|A Good American|
|Directed by||Friedrich Moser|
|Written by||Friedrich Moser|
|Produced by||Friedrich Moser|
J. Kirk Wiebe (Senior Intelligence Analyst)
|Edited by||Jesper Osmund|
Kirk von Heflin
|Music by||Guy Farley|
A Good American is a 2015 Austrian documentary film that chronicles the work of whistleblower William Binney, a former official of the National Security Agency who resigned shortly after the September 11 attacks.
The film contends that Binney's work was thwarted by high officials of the agency, and that he might have been able to prevent the attacks. The film was produced, directed and written by Friedrich Moser.
In September 2002, Binney and two other NSA whistleblowers, J. Kirk Wiebe and Edward Loomis, asked the U.S. Defense Department Inspector General to investigate the NSA for allegedly wasting "millions and millions of dollars" on the Trailblazer Project, which analyzed intercepted data covertly obtained from communications networks. Loomis and Binney had been the inventors of ThinThread, a far less expensive alternative system that was shelved in favor of Trailblazer.
The Nation reported that "despite ThinThread’s proven capacity to collect actionable intelligence, agency director Gen. Michael Hayden vetoed the idea of deploying the system in August 2001, just three weeks before 9/11." Hayden’s decisions, the whistleblowers told The Nation, "left the NSA without a system to analyze the trillions of bits of foreign SIGINT flowing over the Internet at warp speed, as ThinThread could do."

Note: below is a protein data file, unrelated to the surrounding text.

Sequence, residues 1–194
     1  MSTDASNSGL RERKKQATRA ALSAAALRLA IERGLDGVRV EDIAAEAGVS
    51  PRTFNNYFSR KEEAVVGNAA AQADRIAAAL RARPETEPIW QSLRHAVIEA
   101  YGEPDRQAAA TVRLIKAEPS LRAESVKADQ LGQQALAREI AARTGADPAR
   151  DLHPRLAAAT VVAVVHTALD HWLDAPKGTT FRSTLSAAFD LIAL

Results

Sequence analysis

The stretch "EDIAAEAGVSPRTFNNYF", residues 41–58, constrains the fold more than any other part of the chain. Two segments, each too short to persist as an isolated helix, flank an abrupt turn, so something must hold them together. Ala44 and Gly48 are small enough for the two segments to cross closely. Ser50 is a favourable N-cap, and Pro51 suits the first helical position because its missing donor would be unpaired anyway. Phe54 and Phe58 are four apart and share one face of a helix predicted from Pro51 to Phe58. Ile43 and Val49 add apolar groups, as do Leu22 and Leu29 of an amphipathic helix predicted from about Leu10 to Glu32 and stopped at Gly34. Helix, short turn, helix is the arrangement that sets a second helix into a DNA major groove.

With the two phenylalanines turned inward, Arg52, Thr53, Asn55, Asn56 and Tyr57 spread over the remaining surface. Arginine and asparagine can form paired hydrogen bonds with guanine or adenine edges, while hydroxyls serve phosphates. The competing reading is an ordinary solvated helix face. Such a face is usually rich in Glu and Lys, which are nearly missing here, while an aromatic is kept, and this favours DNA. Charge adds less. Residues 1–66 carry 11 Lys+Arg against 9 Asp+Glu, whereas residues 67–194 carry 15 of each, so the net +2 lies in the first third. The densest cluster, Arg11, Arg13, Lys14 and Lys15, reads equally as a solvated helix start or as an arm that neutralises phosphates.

The film consists mainly of interviews with Binney and other former NSA officials and congressional staffers, as well as reenactments. By way of background information, Binney describes how he entered government service during the Vietnam War, and over time, using antiquated computer systems, created ThinThread, which he and the other officials describe as less intrusive than Trailblazer, which was lacking the privacy safeguards built into ThinThread. According to Binney, not only was Trailblazer unnecessarily intrusive, it was less effective.
The documentary contends that the ThinThread system would have prevented the September 11 attacks, and that a post-attack evaluation confirmed this.
Variety called the film "compelling if only semi-persuasive," and said that it was marred by bias toward Binney. The Guardian described the film as a "fascinating, conspiracy theorising documentary", and said that while "some of the film's content has been aired before, the inside experience has not been voiced in such a collective manner, with Moser joining the dots just as Binney might connect his metadata."
The New York Times said that the film "borrows heavily from Errol Morris, employing re-enactments, moving graphics and a Philip Glass-like score." The film, it said, "gets bogged down in details and personnel talk, but its subjects have an urgent narrative to tell".
- Leonsis, Elle (9 November 2015). "Watch: Exclusive 'A Good American' Trailer Sells Our Freedom For Money". Indie Wire. Penske Business Media.
- Matheou, Demetrios (9 November 2015). "A Good American review: fascinating revelations about the NSA's role in 9/11". The Guardian. Retrieved 5 February 2017.
- "Obama's Crackdown on Whistleblowers". The Nation. ISSN 0027-8378. Retrieved 2017-02-07.
- Johanson, MaryAnn (2 February 2017). "A Good American documentary review: 9/11 didn't have to happen". Flick Filosopher. Retrieved 5 February 2017.
- "A Good American". Austrian Films. Retrieved 5 February 2017.
- "A Good American". Metacritic. Retrieved 5 February 2017.
- Schager, Nick (2 February 2017). "Film Review: 'A Good American'". Variety. Retrieved 5 February 2017.
- Kenigsberg, Ben (2 February 2017). "Review: In 'A Good American,' Examining Sept. 11 and Data Collection". The New York Times. ISSN 0362-4331. Retrieved 5 February 2017.